Electronics > Microcontrollers

PIC Delay Loop Time Question (ASM)

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blewisjr:
I have a delay loop from a Blinking LED tutorial and I am trying to understand the math behind it so I can effectively write my own delay loops.  For some odd reason I can't wrap my head around it.  Right now the delay is 1.579 seconds and I want to make it more accurate by decreasing the delay to 1 second.

I am not looking for an answer on how to do it I can write the code I am trying to understand the equation behind calculating the delay time.
The 2 loops for on and off are labeled as OnLoop and OffLoop.

If you have any tips on a better way to do the looping that is easier to calculate off of feel free to give tips.


--- Code: ---; =============================================================================
; File: blink_test.asm
;
; Date: 3-13-2013
;
; The typical Hello World uC program.
; This is a simple program that uses a timed delay to blink a LED.
; The LED blinks at a rate of 1.579 seconds.
;
; PIC: 16F1829
; Assembler: MPASM v5.49
; IDE: MPLABX v1.70
; Board: Breadboard
; =============================================================================

    ; Include file containing register mappings for PIC16F1829
    #include <p16f1829.inc>

    ; Fuse configurations
    #define CFG_1_1 _FOSC_INTOSC & _WDTE_OFF & _PWRTE_OFF & _MCLRE_OFF
    #define CFG_1_2 _CP_OFF & _CPD_OFF & _BOREN_ON & _CLKOUTEN_OFF
    #define CFG_1_3 _IESO_OFF & _FCMEN_OFF

    __CONFIG _CONFIG1, (CFG_1_1 & CFG_1_2 & CFG_1_3)
    __CONFIG _CONFIG2, (_WRT_OFF & _PLLEN_OFF & _STVREN_OFF & _LVP_OFF)

    ; Warning suppression
    errorlevel -302             ; not in bank0 warining

    ; User file registers
    cblock 0x70                 ; start of shared bank memory
        Dly1
        Dly2
    endc

    org 0                       ; start program at address 0

Start:
    banksel     OSCCON          ; move to bank1
    movlw       b'00111000'     ; set internal cpu clock to 500kHZ
    movwf       OSCCON          ; move contents of w to OSCCON
    bcf         TRISC, 0        ; make I/O pin RC0 and output
    banksel     LATC            ; move to bank2
    clrf        LATC            ; clr data latch for PORTC (set bits to 0)

Loop:
    bsf         LATC, 0         ; turn on pin RC0

OnLoop:
                                ; Outer Loop
    decfsz      Dly1, f         ; Decrement Dly1 store back in Dly1
    bra         OnLoop          ; branch to OnLoop
                                ; OnLoop takes 3 instructions per loop
                                ; * 256 iterations = 768 instructions.
                                ; Inner Loop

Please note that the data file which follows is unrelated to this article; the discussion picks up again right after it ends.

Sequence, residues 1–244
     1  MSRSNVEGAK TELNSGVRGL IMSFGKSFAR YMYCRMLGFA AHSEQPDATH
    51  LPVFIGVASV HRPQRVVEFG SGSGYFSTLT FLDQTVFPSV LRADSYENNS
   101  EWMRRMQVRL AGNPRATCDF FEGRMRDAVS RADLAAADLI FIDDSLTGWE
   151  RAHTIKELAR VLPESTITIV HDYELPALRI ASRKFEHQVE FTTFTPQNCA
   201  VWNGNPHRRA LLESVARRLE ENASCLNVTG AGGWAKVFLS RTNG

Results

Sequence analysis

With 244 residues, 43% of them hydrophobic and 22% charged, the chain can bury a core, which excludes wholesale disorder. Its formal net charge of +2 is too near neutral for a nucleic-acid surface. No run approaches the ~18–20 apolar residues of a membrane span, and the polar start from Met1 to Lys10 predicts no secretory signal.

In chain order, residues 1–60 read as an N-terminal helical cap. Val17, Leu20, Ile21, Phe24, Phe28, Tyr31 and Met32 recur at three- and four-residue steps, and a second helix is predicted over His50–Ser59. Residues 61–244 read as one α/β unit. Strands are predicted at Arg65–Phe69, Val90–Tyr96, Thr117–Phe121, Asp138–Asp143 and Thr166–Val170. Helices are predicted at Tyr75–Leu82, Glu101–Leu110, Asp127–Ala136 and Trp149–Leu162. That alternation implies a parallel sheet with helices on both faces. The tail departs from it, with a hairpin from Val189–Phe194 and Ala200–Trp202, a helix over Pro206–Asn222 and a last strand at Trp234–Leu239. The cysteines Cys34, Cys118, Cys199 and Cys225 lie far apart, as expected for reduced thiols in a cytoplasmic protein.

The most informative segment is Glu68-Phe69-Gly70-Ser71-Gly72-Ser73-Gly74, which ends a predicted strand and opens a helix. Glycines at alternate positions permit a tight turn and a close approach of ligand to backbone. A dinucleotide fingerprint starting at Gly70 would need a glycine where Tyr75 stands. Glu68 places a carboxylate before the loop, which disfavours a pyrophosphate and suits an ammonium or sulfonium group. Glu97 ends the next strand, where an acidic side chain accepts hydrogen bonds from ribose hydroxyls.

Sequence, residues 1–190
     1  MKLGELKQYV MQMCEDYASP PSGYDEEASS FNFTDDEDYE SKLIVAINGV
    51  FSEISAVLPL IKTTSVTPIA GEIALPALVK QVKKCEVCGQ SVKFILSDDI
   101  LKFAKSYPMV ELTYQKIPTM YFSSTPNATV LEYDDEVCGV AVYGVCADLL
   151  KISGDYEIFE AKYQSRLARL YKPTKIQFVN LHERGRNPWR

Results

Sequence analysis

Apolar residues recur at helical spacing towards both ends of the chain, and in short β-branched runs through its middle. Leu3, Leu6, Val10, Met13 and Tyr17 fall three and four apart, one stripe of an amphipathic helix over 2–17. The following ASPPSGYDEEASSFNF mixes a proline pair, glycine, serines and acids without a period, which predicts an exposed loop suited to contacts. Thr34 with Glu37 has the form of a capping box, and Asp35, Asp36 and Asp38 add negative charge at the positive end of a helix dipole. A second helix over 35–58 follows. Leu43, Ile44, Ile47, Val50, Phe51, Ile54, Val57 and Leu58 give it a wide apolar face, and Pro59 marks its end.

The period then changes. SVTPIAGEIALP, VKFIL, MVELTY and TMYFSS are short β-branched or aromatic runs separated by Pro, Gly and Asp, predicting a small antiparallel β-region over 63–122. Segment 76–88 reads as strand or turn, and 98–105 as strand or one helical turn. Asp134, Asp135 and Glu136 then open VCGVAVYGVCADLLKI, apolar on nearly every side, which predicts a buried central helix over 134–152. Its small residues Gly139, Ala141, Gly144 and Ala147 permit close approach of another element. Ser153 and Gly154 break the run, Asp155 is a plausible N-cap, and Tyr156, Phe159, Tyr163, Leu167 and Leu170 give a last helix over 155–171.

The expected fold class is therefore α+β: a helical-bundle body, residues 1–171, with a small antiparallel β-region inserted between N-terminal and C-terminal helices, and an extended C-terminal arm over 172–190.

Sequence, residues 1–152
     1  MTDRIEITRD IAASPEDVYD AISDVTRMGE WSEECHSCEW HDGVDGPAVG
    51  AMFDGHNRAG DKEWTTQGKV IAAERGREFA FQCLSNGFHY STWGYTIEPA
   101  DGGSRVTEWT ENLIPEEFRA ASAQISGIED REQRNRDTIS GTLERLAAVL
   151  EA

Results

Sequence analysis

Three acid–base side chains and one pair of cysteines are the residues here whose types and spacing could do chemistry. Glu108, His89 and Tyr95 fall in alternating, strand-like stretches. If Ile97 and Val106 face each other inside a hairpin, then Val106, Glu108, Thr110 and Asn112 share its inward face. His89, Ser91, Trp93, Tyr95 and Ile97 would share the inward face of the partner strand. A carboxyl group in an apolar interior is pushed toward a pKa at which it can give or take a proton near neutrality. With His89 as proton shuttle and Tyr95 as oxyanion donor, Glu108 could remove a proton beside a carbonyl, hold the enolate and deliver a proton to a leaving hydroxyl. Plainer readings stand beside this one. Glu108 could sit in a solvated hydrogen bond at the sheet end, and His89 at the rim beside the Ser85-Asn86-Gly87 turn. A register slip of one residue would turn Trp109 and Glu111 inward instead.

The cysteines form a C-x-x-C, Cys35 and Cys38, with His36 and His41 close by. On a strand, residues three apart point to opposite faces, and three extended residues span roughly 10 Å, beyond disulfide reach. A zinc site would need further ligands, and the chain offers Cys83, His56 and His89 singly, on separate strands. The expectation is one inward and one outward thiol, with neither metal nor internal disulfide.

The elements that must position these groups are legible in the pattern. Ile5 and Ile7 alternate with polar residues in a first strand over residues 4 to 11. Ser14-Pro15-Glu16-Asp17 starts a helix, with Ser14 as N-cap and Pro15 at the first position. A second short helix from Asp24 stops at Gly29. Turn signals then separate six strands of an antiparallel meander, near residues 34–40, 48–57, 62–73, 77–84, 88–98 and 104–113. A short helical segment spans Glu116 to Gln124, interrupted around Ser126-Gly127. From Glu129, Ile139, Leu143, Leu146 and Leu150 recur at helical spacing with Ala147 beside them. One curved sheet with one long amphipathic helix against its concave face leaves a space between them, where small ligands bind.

decfsz      Dly2, f         ; Decrement Dly2 store back in Dly2
    bra         OnLoop          ; takes 3 more instructions
                                ; per iteration (768+3) * 256 = 197376
                                ; 197376 inst. / 125k inst. per sec = 1.570 sec
    bcf         LATC, 0         ; turn off pin RC0

OffLoop:                        ; same as OnLoop
    decfsz      Dly1, f
    bra         OffLoop
    decfsz      Dly2, f
    bra         OffLoop
    bra         Loop            ; start over

    end                         ; end of code
--- End code ---

Kaluriel:
Looks like two for loops, wrapping around.


--- Code: ---unsigned char Dly1 = 0;
unsigned char Dly2 = 0;

void Sleep()
{
do
{
do
{
--Dly1;
} while(Dly1 != 0);

--Dly2;
} while(Dly2 != 0);
}

void main()
{
while(true)
{
SetLEDOn(true);
Sleep();
SetLEDOn(false);
Sleep();
}
}

--- End code ---

Each loop only takes 3 instructions to execute if it does nothing but decrement, compare to zero, and branch, a total cost of 256 iterations, so 3x256. But the internal one is executed 256x by the outer loop, so the outer loop cost 3x256 instructions plus its own 3 per loop, another 256 times.
Judging by the comment in the code, 125k instructions are executed per second, assuming you haven't changed the clock speed.
So
Inner Loop: 3 instructions x 256 iterations = 768 instructions
Outer Loop: (3 instructions + 768 instructions) x 256 iterations = 197376 instructions

A total of 197376 instructions before both Dly1 and Dly2 are both 0.

If it takes one second to perform 125k instructions, 197376 / 125000 = 1.579008 seconds

brainwash:
You might try to initialize Dly1 with value 162, it is by default initialized to 0 which causes 256 cycles to occur

Kaluriel:
As brainwash said, changing the initial value of Dly1 and Dly2 will change the timing.
(3 + (3 * Dly1)) * Dly2 = timeInSeconds * 125000
Where Dly1 and Dly2 are a number between 0 and 255, with 0 being treated as 256, and the rest being treated as their respective value.

Keep Dly1 as a low number for more precision, and choose Dly2 as your multiplier to scale up to the time you require. Without more loops, 1.5 seconds is your maximum.

blewisjr:

--- Quote from: Kaluriel on March 13, 2013, 07:11:16 pm ---As brainwash said, changing the initial value of Dly1 and Dly2 will change the timing.
(3 + (3 * Dly1)) * Dly2 = timeInSeconds * 125000
Where Dly1 and Dly2 are a number between 0 and 255, with 0 being treated as 256, and the rest being treated as their respective value.

Keep Dly1 as a low number for more precision, and choose Dly2 as your multiplier to scale up to the time you require. Without more loops, 1.5 seconds is your maximum.

--- End quote ---

ok thanks a bunch that is what I was looking for a solid equation.
((3 + (3 * Dly1)) * Dly2) / ips

I was not sure where the delay variables went into the equation and it was messing up my calculations I guess.

I should be able to easily modify the blink speed and get it very accurate.

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